She watched him hunched over while the hand therapist palpated his top two joints, and wondered if this setback would push him onto the wheel of misery generated by the farming, construction and landscaping industries in her state. It was hard to imagine how a broken finger could send someone into a downward spiral, but if they had so little in the first place, one small misfortune might suffice. She had seen some gruesome on-the-job injuries in her years at the hospital, and it was tempting to compare Ignacio with those who set the bar truly high: roofers falling headfirst onto concrete, ranch hands being crushed by tractors, irrigation workers getting electrocuted. Nothing of comparable wretchedness had happened to Ignacio, yet from a practical standpoint, he might as well have broken his back: that one mishap prevented him from using his hand, which meant that once again he couldn’t work and couldn’t draw a salary. Even if he was getting a disability check, the amount would barely be enough for groceries for a single person. Perhaps he was lucky not to have suffered a more devastating injury, but no one would want their options narrowed down to the point his were. Given his circumstances, it amazed Karina that Ignacio was cheerful at all.

The next time she interpreted for him, the regular hand therapist was out sick. The substitute who replaced him was a strong, muscular woman, and she silently sat pressing her fingers into Ignacio with what appeared to be the full weight of her body. Although his expression belied no pain, Karina could see the corners of his mouth turn down slightly and his breathing quicken. He lifted his head and, with no warning, looked at her and said very quietly and without expression, “When I was a boy, I used to make my stepfather mad. He would beat me until I was bloody. I trained myself not to cry. I didn’t want to give in.”

Karina had been thinking about the intransigent nurse on the neuro floor earlier that week, and how best to deal with her. Startled, she refocused.

“Do you know what a comal is?” he asked.

“For making tortillas? Yes.” She feared what was coming.

“He used to put my hand in a comal and close it. Even then I didn’t scream. So yes, this hurts,   but…it doesn’t affect me.”

Protocol dictated that she repeat the words in English to the therapist exactly as she heard them, but Karina felt suddenly proprietary about this exchange. Ignacio had clearly addressed her and not the therapist: he turned his head in her direction, looked at her and spoke the words in Spanish. At her own peril, she ignored professional etiquette and threw herself into a forbidden side conversation.

“Was he drunk when he did this?”

The image was already etched in her mind. An enraged man, a cowering boy, a room in a shack in Nayarit littered with empty tequila bottles: something worthy of an Elia Kazan film.

Ignacio shook his head. “He didn’t drink.”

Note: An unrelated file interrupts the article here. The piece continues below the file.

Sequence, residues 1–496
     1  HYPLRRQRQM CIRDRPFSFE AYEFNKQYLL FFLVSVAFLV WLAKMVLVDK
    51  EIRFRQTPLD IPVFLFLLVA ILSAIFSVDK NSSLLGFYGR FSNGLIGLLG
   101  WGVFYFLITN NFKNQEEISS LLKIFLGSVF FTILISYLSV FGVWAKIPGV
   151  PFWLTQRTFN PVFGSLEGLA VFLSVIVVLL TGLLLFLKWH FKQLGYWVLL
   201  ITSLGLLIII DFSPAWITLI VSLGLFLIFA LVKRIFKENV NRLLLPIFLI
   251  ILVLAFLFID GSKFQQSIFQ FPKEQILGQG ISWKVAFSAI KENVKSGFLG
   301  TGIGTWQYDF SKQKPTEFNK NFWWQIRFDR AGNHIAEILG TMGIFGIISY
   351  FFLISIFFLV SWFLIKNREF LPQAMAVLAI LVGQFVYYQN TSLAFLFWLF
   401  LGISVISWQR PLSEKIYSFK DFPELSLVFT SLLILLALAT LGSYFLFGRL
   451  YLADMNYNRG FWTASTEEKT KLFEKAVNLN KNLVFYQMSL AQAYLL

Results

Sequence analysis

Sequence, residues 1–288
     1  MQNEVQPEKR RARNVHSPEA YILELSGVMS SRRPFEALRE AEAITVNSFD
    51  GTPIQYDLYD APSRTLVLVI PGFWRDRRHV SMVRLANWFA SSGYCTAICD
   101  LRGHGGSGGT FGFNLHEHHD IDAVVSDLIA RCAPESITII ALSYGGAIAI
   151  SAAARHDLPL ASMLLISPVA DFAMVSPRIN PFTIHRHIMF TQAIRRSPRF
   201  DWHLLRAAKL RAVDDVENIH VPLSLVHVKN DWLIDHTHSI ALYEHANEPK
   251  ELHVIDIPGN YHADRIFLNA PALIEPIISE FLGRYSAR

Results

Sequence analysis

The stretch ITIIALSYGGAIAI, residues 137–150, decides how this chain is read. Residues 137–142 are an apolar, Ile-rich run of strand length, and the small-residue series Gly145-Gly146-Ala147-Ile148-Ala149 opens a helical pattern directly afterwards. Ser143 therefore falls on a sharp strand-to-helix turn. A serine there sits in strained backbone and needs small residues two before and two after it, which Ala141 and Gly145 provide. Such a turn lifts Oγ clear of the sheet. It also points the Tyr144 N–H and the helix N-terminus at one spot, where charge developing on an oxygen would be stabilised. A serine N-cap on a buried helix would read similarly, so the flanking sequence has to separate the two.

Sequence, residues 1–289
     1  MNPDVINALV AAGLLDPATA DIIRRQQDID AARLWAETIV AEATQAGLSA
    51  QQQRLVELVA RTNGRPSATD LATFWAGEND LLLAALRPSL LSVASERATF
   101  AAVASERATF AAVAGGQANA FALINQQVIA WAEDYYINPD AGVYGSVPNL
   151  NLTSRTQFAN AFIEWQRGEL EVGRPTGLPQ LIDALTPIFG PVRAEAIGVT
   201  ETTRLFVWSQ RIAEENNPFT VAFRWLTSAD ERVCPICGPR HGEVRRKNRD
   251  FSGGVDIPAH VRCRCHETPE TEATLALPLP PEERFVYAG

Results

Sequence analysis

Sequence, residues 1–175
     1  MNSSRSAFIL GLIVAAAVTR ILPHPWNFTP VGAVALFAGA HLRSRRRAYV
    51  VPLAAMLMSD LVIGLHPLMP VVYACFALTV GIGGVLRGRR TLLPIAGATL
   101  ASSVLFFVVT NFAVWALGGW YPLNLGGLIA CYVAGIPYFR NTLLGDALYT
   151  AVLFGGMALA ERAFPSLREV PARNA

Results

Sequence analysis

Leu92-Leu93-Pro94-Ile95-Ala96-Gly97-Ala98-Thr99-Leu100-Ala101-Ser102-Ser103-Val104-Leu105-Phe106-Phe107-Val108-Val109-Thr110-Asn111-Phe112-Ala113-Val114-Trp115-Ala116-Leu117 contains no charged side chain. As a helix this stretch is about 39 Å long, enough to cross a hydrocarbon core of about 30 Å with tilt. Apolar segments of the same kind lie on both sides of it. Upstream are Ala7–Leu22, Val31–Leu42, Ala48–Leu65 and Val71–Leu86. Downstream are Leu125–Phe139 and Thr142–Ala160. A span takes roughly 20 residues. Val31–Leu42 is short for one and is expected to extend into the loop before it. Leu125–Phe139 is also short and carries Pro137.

This unexpected response forced Karina to reimagine her Hollywood scenario. She wondered what eight year-old could possibly send a sober man into such a fury that he would regularly press the defenseless boy’s hand into an iron and close the iron flat. She thought about her own mild-mannered, trusting son, and quickly flipped the switch. Were he to be born into similar circumstances, he wouldn’t survive childhood.

Pulled into the sudden intimacy of the situation, Karina weighed possible responses and decided that none was satisfactory. Unsure how confidential this information was, she asked Ignacio if she could tell the therapist what he had just told her. With his permission, she interpreted the words for the therapist who, fortunately for Karina, didn’t seem to mind their tête-a-tête. She looked dismayed upon hearing the gruesome story, and murmured something perfunctory about how terrible it was before getting up to retrieve a container full of dried rice that she had patients use to practice their fine motor skills.

Karina felt like she’d been hit by a semi. Thirty-five years had probably elapsed since those dark times, but obviously they were still fresh in Ignacio’s mind, and now he had brought them to her. She watched him as he slid his hand into the container, searching for the tiny metal screws coyly hidden among the rice granules. Even now, he needs to defy this man, she thought. Karina imagined him looking at the therapist manipulating his swollen finger and seeing only his stepfather. No words pass between them, but as the stepfather torments the boy, the look on the man’s face settles into an unmovable mask. No me duele, he says. No me dolía, no me duele y no me dolerá.

Karina didn’t see Ignacio again after that. There were more sessions with the hand therapist, but she never requested them, and they were given to other interpreters. She had long ago stopped trying to get appointments with patients whose company she enjoyed, as the practice was frowned upon and ultimately it didn’t matter who she did or didn’t work with. Relationships with clients weren’t going anywhere, literally and figuratively. They were all site-specific, staying within the confines of a doctor’s office or a PT clinic or a hospital suite. The satisfaction they offered was limited: a briefly shared laugh, a proud moment, a bad memory. Soon enough, others would take Ignacio’s place, and Karina’s mind would fill with their stories.

best-headshot-photography-Jay-Kenneth-Boise-0230_previewCarla Stern is a fiction writer based in Boise, Idaho. Her short stories have been published in Sinister Wisdom, The New Guard and the University of Wisconsin Parkside literary journal. Her story ‘Hero Day’ was selected as a finalist in the fall 2017 fiction contest of Razor Lit Magazine, and can currently be read online. She is a two-time recipient of an Idaho Commission on the Arts grant. Originally from Chicago, Carla is a state certified court interpreter and a nationally certified medical interpreter for the Spanish language. Connect with her on Twitter: @interpreter1961